Monday, April 25, 2011

Educational Quality and Global Competition

Any organization can benefit from disciplined thinking, data-driven discussions (note I said "discussions" not "decision-making") and a process-based structure. In his blog Paul Borawski lauded the pioneering efforts of Dr. JoAnn Sternke, the Superintendent of the Pewaukee School District in Wisconsin, and her instilling of quality-thinking in her organization's activities.

In Georgia there are state requirements for education and regular evaluation of students. I am familiar with one part of Atlanta, the northeast suburbs, where there is a high Asian population including Koreans, Chinese, Japanese and Indians. These groups are well-known for their strong educational systems and family support of education. A Chinese friend whose daughter attends one of the premier elementary schools in the area laments the very simplistic course program and she supplements her daughter's education with several hours of home study every night. Even her daughter complains that she is bored most of the time in class compared to her school in China; mathematics is one area that is significantly weaker.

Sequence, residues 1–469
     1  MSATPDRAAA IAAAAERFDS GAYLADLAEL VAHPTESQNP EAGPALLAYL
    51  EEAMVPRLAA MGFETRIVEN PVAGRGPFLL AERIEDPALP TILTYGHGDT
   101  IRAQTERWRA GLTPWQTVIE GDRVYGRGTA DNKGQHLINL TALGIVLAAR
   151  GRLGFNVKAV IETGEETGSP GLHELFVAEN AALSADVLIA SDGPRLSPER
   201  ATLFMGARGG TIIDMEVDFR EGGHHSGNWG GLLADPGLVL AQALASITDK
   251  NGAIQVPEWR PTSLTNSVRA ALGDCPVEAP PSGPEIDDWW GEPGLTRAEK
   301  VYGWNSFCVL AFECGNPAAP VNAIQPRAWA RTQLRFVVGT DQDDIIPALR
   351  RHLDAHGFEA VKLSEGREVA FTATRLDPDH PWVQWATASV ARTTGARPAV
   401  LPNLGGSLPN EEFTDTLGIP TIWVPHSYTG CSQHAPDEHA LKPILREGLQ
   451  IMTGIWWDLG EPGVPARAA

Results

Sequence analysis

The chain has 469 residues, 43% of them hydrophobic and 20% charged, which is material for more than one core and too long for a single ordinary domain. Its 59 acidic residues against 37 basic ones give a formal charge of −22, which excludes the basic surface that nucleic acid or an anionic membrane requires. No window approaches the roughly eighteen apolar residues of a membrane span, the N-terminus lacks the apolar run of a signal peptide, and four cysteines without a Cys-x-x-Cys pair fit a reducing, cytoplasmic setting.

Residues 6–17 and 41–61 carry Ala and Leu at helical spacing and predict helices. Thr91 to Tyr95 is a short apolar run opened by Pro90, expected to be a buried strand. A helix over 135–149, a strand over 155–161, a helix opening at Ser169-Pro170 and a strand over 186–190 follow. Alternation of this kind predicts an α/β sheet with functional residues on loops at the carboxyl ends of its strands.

I applaud this district for their effort to document their strategies. The majority of school districts (and even many companies) fail to do even what they did here. However, just like the majority of companies in the U.S. that will find that they will be unable to compete with the global market place of the next 20 years our educational system simply cannot compete with them today. And since the educational system of our country is an input into the business competition of the future, even more responsibility is needed to develop effective thinking here. Considering that significant educational change today would not be fully implemented until the third generation (the students of today's students) with the competitive advantage being felt in the fourth generation and considering that today's competitors are already ahead educationally and will also continue to advance....80 years from today is far too late to win the global competition. We are way past implementing what was done in business 20 years ago into schools today, we need schools today to be even more innovative than the business world since the impact of their improvement will not be felt for decades...and even then it might be too late.